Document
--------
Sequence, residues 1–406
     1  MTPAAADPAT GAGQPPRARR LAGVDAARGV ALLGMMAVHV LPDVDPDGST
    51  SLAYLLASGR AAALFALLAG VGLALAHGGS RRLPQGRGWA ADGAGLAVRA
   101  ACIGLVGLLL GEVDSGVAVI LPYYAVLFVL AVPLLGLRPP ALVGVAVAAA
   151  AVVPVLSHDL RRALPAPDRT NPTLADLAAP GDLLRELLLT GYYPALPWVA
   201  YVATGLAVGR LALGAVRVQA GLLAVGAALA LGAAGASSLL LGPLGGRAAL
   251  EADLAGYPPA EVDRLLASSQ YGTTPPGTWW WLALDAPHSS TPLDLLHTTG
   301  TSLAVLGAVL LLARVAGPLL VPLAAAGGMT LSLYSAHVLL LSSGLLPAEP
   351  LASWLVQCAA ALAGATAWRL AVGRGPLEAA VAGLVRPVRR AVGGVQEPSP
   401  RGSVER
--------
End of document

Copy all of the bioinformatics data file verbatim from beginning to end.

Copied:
Sequence, residues 1–406
     1  MTPAAADPAT GAGQPPRARR LAGVDAARGV ALLGMMAVHV LPDVDPDGST
    51  SLAYLLASGR AAALFALLAG VGLALAHGGS RRLPQGRGWA ADGAGLAVRA
   101  ACIGLVGLLL GEVDSGVAVI LPYYAVLFVL AVPLLGLRPP ALVGVAVAAA
   151  AVVPVLSHDL RRALPAPDRT NPTLADLAAP GDLLRELLLT GYYPALPWVA
   201  YVATGLAVGR LALGAVRVQA GLLAVGAALA LGAAGASSLL LGPLGGRAAL
   251  EADLAGYPPA EVDRLLASSQ YGTTPPGTWW WLALDAPHSS TPLDLLHTTG
   301  TSLAVLGAVL LLARVAGPLL VPLAAAGGMT LSLYSAHVLL LSSGLLPAEP
   351  LASWLVQCAA ALAGATAWRL AVGRGPLEAA VAGLVRPVRR AVGGVQEPSP
   401  RGSVER